six), after a reign of 67 years,.Is in
excellent preservation, and, co
Ing his advanced age at the time of
his death, Is ko less -realistli than:,
his father, Sete L
These actual bodies, of these great.
eat men of their day, bring to our
eyes and our realization what they:
actually looked like, and they are so
interesting that they should be per
petuated. The fungus, which comes In
little patches on their bodies,:and
the almost Impossible avoidance of
beetlesi and the effect of'light will
soon, in thirty to fifty years, make
them no longer Interesting.
If a general subscription could be
taken up and-the funds sent to-the
director of the Cairo museumthls an
be averted. To anyone who has felt
the wonderful Interest developed In a
visit to Egypt, I feel sure thisiaplest
will meet with approval, and if each"-,
one would send a check of even:$1
to the order of the director of the Na.
tions museum in Cairo, specIfying
that it Is toward a -fund for .preber
vation of the royal mummies, I think
the sum would be r -
R. Enckley, In New York Times.
Young Hopefuls in Vienn,
The Austrian government has taken,
strong action against a curious revolu
tionary movement among the boys of -
Vienna on the ground thatit Is dan-.
gerous to the state.
For some years a "culture club*
had existed privately among the boysse
but the membership became so large
that the president of the club-apld -
to the government for permission to
put a club for boys'of 16 and overO'
a legal basis.
When the government officiala Q '~
ceived a copy of thle proposed statntes
they had a rude shock. Statute No
1 calmly provided for the abolition of
the home. Members of the club were
enjoined to put-pressure on-theirpa
ents so as to' obtain .flats for them
Other Items -on the .boys' program
were the election of school teachers
and the dismisal1 of unpopular teach
.rs. Suggestions were Invited for up
to-date substitutes for such institu
tions as the home and school.
These and even more startling pro
posals horrifled the. offiials .A con- ~
erence was hurriedly cafled. The
minister of education, who was- on a
holiday, was summoned to Vienna.
The existing club was raided and
closed because further sevidence of
the unblushing-effrontery of the move
ment was found.
The minister of education knew
only too well what the boys meant
by "putting pressure" on their par
ents. Vienna parents are often bul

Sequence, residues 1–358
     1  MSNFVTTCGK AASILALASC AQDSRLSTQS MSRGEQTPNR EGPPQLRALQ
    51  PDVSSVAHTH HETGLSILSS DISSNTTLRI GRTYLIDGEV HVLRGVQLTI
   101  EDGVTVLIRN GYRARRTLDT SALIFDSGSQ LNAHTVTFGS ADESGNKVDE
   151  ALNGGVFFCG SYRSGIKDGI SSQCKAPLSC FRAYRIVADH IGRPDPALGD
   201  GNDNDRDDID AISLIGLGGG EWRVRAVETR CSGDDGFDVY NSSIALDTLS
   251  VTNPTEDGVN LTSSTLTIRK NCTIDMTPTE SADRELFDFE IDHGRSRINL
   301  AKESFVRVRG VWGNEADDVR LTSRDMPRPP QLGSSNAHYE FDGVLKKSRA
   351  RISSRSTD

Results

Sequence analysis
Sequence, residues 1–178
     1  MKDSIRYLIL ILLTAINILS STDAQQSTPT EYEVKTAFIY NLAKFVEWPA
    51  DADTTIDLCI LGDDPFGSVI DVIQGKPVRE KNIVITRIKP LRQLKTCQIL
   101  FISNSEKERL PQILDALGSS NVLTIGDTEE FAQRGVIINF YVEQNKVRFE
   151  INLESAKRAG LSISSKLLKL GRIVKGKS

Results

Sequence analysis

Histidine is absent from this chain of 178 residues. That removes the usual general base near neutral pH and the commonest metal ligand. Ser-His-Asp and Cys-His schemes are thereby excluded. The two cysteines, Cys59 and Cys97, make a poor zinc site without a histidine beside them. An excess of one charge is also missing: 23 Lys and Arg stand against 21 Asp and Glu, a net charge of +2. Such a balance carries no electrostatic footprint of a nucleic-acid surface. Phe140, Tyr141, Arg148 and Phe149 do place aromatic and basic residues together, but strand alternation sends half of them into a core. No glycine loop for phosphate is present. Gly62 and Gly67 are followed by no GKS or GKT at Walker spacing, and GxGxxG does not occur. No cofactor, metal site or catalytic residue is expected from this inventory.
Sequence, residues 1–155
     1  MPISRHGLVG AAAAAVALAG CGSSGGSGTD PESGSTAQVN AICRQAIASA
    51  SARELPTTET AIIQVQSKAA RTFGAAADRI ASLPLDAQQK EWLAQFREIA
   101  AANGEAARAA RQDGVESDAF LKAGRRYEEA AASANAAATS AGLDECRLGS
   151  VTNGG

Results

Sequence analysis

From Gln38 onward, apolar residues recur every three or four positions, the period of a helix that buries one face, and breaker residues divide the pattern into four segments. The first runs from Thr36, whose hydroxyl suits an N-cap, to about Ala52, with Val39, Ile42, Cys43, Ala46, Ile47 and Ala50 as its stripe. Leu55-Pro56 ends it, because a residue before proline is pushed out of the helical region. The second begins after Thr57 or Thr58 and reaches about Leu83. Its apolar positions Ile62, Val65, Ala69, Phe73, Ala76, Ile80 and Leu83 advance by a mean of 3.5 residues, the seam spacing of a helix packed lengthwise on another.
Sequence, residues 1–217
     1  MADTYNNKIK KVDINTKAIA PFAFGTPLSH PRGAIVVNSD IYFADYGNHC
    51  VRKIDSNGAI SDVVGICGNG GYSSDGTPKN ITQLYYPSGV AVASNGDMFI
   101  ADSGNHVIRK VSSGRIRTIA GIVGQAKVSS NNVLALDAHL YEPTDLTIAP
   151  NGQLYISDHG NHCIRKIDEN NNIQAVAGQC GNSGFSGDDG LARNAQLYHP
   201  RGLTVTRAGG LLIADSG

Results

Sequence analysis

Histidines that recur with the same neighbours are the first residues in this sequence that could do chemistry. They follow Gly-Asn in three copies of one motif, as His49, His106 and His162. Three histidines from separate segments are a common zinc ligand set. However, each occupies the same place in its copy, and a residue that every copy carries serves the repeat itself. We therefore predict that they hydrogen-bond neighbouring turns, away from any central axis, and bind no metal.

lied Into acceding to the- wishes ot -
their children' by threats of suicide. -
AlrshIa for" Sea Rescas.
Within a few minutes after- ie -
oelving word that a steamer was in
(lstress off Mystery islanid In Salem
harbor, Massachusetts, W. Starling
Burgess; the airship builder, and Avia
tor Clifford L. Webster speeded from
ldarblehead to the rescue of the men
aboard her in a Burgess-Dunne hydro
aeroplane. This was the first time In
the history of aviation that an air'
ship has gone to succor a ship at sea,.
Under them the Marblehead life-saving
prew rowed out In the fog. Burgess
ftnally circled above the vessel and
round she was a coal carrier, coast
wise outward bound from Beverly to
Norfolk, Va., with Capt. Chase..anid
forty men aboard. "Engine trouble"
was trumpeted from the deck to Bur
gess and Webster. Shortly afterward
the trouble was righted and the
steamer went on her way.
"I am very sorry, inadam;" said
the Berlin servant-maid of whom a
German paper tells. "but I must leave
you next week. You see, I am going
to be married."
"Really, Emma! Who Is the lucky
"He is the policeman on thils best."
"Well, I wish you luck. What Is his
"Oh, I dlon't know that. His num
ber Is 417."
Jr. King's New Life PiiIe
The best in'theworld.
LUmit of Astrology.
All that any astrologer can do Is to
point out fortunate or. unfortunate
periods, and that Is alL .1(or4tance,
ThntemlfeSatua aes, oan
:hart it Is absolutsely' certain 'tliat It
will have a harmful effect-it may
,ring Illness to himself, financial trou
les or have other baneful effects-but -
jo astrologer can defmnitely state whato
twill be, and any prophet who does
o smply guesses atlit. It is the same
way with a benefic planet, which may
bring sudden good fortune, Increase
n health and vitality, 'ada to 'mde
prestige, etc. -
New Ueo for Plsnoe,
A Danish nerve specialist Is secur
ng good results in the treatment of
xonvalesdent patients by placing them
mn top of a piano, which Is then played
upon so that they may be benefited